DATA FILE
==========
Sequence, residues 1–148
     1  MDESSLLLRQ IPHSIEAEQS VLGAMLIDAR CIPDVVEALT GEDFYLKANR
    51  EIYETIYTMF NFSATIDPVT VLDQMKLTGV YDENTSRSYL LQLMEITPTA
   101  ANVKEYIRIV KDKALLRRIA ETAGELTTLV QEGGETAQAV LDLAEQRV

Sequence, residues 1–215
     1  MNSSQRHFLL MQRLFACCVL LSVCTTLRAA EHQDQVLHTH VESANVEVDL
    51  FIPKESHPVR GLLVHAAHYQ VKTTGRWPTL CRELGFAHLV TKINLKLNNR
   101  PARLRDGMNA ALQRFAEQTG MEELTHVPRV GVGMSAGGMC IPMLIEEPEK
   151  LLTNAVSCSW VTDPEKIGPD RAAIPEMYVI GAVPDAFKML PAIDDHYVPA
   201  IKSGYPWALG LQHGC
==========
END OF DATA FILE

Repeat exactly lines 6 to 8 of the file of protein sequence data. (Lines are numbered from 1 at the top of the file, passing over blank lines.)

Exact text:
     1  MNSSQRHFLL MQRLFACCVL LSVCTTLRAA EHQDQVLHTH VESANVEVDL
    51  FIPKESHPVR GLLVHAAHYQ VKTTGRWPTL CRELGFAHLV TKINLKLNNR
   101  PARLRDGMNA ALQRFAEQTG MEELTHVPRV GVGMSAGGMC IPMLIEEPEK